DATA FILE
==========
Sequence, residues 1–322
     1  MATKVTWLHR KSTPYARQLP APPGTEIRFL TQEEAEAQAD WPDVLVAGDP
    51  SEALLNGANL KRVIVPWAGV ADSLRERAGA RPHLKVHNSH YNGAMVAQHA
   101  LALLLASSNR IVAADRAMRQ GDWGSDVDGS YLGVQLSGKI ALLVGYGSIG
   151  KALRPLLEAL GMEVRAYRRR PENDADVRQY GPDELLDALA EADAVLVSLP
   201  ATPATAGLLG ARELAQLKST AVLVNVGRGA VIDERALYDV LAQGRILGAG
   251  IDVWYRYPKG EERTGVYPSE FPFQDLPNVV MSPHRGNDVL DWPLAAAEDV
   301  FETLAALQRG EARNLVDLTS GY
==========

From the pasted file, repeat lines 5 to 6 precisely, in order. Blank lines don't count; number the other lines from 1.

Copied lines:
   151  KALRPLLEAL GMEVRAYRRR PENDADVRQY GPDELLDALA EADAVLVSLP
   201  ATPATAGLLG ARELAQLKST AVLVNVGRGA VIDERALYDV LAQGRILGAG